The wearables segment has gained ma­turity over the past few years, leading to a significant uptake of the technology. Several companies have entered the segment with new products while the incumbents have improved the designs of their existing devices. The segment, which at its nascent stage was seen as an offshoot of the smartphone market, has now claimed an independent existence. How­ever, smartphones continue to be the major channel for wearables usage.

According to the International Data Corporation (IDC), a total of 102.4 million units of wearable devices were shipped in 2016 globally. The upward growth trajectory of wearables continued in the first half of 2017 as worldwide shipments grew by about 18 per cent from 20.9 million units during the quarter ended March 2016 to 24.7 million units during the quarter ended March 2017.

The popularity of wearables has increased significantly as they provide a seamless and mostly hands-free experience of electronic gadgets. They have the ability to perform usual and even advanced computing tasks as well as complex sensory and scanning tasks as they are connected to the body. Connectivity typically is through Bluetooth and Wi-Fi, but cellular connectivity is steadily gaining traction as consumer choices swing towards independent wearables. In addition, they can interact with other devices and transmit data.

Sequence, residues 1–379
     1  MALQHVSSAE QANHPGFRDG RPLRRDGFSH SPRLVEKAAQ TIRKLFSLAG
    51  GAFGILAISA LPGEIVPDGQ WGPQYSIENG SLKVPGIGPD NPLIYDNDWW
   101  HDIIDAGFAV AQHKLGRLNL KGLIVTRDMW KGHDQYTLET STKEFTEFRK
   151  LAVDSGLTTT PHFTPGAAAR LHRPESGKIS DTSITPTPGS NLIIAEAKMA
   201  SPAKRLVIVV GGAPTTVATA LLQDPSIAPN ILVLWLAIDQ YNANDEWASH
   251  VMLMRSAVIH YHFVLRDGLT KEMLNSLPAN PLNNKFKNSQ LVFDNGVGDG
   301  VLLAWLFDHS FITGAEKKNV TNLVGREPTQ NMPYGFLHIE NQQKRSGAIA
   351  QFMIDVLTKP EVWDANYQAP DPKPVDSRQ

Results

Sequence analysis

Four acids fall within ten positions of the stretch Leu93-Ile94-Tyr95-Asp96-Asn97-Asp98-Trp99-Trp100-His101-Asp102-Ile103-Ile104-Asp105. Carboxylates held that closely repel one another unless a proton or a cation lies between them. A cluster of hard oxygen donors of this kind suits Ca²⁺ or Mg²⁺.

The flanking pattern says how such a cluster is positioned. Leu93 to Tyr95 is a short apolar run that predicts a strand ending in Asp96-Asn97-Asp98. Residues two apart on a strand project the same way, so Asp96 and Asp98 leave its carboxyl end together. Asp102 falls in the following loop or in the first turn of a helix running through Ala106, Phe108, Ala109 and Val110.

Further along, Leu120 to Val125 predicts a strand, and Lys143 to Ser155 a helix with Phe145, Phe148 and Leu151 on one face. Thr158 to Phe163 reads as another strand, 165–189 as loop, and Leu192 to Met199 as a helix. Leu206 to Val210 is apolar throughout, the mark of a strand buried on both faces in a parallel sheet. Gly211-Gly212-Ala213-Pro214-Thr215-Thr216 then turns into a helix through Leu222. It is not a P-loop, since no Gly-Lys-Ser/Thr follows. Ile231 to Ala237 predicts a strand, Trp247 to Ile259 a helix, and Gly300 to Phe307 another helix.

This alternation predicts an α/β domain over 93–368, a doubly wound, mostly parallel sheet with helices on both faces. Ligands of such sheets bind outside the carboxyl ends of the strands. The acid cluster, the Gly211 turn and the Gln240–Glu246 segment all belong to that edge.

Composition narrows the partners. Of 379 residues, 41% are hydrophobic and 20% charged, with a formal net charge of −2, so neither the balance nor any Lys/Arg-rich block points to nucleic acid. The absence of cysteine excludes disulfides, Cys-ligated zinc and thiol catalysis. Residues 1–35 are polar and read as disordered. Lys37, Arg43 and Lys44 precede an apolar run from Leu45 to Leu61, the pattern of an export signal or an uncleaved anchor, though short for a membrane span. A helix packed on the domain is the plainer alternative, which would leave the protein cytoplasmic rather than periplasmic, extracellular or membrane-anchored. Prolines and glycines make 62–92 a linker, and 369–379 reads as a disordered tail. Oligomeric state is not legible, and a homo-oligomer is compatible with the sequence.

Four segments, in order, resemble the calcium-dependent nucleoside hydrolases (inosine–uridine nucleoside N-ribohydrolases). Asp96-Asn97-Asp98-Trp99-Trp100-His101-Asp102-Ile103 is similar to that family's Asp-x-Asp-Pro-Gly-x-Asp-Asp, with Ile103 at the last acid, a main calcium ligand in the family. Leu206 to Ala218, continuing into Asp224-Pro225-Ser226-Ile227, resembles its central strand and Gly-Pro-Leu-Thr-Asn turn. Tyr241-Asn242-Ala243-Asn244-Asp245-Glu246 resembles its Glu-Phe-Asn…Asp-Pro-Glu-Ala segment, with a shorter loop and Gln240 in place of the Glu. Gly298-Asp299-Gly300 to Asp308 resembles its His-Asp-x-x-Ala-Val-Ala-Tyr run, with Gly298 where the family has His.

Wearables find use cases across several segments. Although the demand continues to be dominated by fitness trackers and smart watches, wearables are breaking the mould and are being adopted for varied purposes. For the first time, in 2016, ear-worn devices and sensor-laden clothing comprised 1 per cent of the total quarterly shipments.